EU Takes On Big Tech With Landmark Digital Markets Act

The European Council and European Parliament have reached a provisional political agreement on the proposed Digital Markets Act, aimed at making the “digital sector fairer and more competitive.” The landmark deal is set to regulate so-called “gatekeepers” like Facebook, Amazon, Apple, and Google operations within the region.

“The European Union has had to impose record fines over the past 10 years for certain harmful business practices by very large digital players,” said French Secretary of State for the Digital Sector Cédric O. “The DMA will directly ban these practices and create a fairer and more competitive economic space for new players and European businesses.”

The act clarifies the definition of a gatekeeper in the digital market sector: having an annual turnover of at least €7.5 billion in the union for three years or a market valuation of at least €75 billion. The gatekeeper also has at least 45 million monthly end-users and at least 10,000 business users established in the EU.

Once the act is enforced, gatekeepers are required to abide by the regulations put forth by the union, including giving users the right to unsubscribe with a similar process as the platform’s subscription push and not forcing users to require default browsers. They will also be prohibited to rank their own products higher than others on their platforms and pre-install certain software applications.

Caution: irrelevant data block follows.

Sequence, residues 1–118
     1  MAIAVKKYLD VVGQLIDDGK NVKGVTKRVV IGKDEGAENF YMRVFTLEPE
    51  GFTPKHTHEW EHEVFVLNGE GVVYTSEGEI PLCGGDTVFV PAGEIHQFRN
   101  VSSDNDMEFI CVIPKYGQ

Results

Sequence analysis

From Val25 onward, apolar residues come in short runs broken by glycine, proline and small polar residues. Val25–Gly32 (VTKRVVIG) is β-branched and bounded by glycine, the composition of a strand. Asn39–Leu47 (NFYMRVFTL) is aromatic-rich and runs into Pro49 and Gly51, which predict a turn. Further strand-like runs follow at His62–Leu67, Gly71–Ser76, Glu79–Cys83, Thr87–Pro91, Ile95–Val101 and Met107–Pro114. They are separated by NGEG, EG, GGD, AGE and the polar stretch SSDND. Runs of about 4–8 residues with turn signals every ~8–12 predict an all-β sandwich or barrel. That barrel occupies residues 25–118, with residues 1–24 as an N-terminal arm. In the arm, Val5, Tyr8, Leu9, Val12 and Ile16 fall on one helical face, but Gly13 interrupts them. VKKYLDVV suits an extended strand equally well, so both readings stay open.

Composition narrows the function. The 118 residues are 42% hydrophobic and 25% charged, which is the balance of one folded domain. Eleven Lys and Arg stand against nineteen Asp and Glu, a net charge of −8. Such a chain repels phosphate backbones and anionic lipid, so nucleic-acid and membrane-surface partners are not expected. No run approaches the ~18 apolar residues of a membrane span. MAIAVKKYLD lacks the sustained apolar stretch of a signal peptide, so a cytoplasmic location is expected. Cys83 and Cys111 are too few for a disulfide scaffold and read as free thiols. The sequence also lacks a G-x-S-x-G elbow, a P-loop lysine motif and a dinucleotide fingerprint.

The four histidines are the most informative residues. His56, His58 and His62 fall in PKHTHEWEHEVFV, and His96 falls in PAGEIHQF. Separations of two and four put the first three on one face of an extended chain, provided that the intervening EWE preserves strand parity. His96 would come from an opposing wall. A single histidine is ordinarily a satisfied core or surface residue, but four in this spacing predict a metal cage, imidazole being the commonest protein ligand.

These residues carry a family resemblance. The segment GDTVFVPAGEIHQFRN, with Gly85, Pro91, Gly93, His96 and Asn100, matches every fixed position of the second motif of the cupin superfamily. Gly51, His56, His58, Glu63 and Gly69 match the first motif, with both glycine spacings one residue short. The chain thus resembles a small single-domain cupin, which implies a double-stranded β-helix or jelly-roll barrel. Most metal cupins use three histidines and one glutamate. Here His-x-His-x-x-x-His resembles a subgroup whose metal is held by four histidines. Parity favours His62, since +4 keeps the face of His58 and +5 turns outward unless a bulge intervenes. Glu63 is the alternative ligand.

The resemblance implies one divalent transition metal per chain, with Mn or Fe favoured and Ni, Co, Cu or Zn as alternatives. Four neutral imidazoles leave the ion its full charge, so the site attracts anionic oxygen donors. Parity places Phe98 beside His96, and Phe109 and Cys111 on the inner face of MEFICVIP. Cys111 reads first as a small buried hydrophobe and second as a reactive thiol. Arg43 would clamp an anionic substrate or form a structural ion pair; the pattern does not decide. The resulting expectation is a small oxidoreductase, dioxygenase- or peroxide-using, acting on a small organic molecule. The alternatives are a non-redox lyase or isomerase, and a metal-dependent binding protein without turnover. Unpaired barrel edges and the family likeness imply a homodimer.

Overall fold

Source: European Council

The act might also force companies with instant messaging services to ensure interoperability with smaller platforms, as well as require app stores to make their exclusive apps available to alternative app markets.

This could also spell the end for exclusive in-platform payment portals as gatekeepers must allow options for payment methods.

Should the gatekeepers violate the act once it’s in force, they are fined 10% of its total worldwide turnover and 20% for a repeated offense.

Apple and Google separately responded to the agreement, saying the move might be a challenge to innovation.

“While we support many of the DMA’s ambitions around consumer choice and interoperability, we remain concerned that some of the rules could reduce innovation and the choice available to Europeans,” the company said.

On the other hand, Apple said that parts of the DMA “will create unnecessary privacy and security vulnerabilities for [its] users while others will prohibit [them] from charging for intellectual property.”

The provisional agreement reached today is still subject to approval by the Council and the European Parliament once the final text has been written. The resolution is then expected to be implemented within six months thereafter.

Information for this briefing was found via Seeking Alpha and ABC News. The author has no securities or affiliations related to this organization. Not a recommendation to buy or sell. Always do additional research and consult a professional before purchasing a security. The author holds no licenses.

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